A person in Indiana who had been teaching people how to cheat at polygraph tests, has now been sentenced to eight months in prison. Chad Dixon, the federal prosecutors claimed, had posted a threat to the national security by teaching such techniques.
Polygraph tests are inadmissible evidence at most of the courts. However, the federal prosecutors have premised their case on the assumption that these tests are perfectly accurate and through that, have tried to establish that Dixon is the culprit here.
The police alleges that Dixon has trained 70 to 100 people, each of whom was charged $1000 for one day’s work. It is also alleged that he trained certain federal personnel, one belonging to FBI, who were then able to cheat their ways through polygraph tests.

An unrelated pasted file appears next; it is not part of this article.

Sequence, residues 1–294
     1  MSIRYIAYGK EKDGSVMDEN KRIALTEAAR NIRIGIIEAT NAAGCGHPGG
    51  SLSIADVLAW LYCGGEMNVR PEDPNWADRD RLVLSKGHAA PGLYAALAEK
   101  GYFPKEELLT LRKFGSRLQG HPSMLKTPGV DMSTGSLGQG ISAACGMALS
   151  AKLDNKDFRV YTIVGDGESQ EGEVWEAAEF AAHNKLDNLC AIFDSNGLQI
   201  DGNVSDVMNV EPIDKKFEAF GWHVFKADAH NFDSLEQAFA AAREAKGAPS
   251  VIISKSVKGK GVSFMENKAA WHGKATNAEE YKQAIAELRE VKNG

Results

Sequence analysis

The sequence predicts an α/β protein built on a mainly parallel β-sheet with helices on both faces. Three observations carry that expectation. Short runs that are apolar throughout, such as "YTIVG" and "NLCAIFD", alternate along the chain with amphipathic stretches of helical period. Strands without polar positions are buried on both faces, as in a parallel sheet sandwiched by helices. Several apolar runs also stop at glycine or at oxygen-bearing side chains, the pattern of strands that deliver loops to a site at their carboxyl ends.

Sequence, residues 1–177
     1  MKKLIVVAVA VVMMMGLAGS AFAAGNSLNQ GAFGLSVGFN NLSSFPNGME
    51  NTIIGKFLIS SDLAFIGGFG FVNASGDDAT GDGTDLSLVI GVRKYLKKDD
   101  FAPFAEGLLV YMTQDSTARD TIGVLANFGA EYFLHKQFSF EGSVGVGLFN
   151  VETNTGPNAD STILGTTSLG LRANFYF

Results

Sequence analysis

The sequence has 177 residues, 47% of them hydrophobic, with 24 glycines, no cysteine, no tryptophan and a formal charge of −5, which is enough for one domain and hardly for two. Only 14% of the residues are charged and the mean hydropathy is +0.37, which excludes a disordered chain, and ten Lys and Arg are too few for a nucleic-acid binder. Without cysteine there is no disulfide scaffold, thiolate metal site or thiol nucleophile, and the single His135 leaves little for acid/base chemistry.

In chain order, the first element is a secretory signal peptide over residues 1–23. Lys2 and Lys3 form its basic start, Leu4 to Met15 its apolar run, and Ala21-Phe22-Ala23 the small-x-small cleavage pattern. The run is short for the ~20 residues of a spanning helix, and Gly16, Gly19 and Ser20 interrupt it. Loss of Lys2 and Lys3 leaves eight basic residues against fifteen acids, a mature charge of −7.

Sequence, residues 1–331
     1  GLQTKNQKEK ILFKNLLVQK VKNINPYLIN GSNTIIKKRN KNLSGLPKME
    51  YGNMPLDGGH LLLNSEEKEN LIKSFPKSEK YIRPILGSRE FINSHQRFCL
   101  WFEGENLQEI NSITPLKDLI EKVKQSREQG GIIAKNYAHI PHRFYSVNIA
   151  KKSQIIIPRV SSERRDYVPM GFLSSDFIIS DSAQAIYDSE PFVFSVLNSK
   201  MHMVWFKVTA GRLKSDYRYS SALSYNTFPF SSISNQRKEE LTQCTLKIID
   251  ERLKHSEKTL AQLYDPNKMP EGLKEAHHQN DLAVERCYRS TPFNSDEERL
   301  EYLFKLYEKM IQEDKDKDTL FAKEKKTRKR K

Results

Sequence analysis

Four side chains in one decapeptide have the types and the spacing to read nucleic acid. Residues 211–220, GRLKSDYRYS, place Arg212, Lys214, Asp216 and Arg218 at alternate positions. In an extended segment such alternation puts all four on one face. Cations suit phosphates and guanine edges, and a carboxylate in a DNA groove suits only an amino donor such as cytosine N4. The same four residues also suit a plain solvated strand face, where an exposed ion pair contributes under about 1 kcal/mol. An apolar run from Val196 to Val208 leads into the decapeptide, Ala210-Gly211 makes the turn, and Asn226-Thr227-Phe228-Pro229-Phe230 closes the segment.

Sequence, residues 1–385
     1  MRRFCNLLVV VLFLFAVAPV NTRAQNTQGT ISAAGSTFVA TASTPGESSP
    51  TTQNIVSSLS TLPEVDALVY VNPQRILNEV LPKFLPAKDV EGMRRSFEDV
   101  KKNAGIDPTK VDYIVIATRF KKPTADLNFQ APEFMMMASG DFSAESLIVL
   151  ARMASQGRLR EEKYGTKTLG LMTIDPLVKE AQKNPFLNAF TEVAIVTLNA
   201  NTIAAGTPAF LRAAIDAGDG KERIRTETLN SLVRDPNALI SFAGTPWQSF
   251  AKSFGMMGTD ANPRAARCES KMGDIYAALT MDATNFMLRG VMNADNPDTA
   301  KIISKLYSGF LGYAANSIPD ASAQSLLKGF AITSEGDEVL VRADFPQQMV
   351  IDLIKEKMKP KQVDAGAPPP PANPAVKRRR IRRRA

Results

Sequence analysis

The problem with such prosecution is that it is a slippery slope and by slapping Dixon with eight months, the court has set an unfortunate precedent. If teaching other how to lie is considered a federal offense, this can be manipulated to settle personal scores.
The incident also raises many questions about polygraph tests. In the first place, they are not accurate enough and so, are dismissed by most courts in the U.S. Secondly, if the federal prosecutors are to be believed in this case, a polygraph test can be easily fooled. This further weakens the case of polygraph tests and cites how inadequate these tests are.
Courtesy: Seattle Times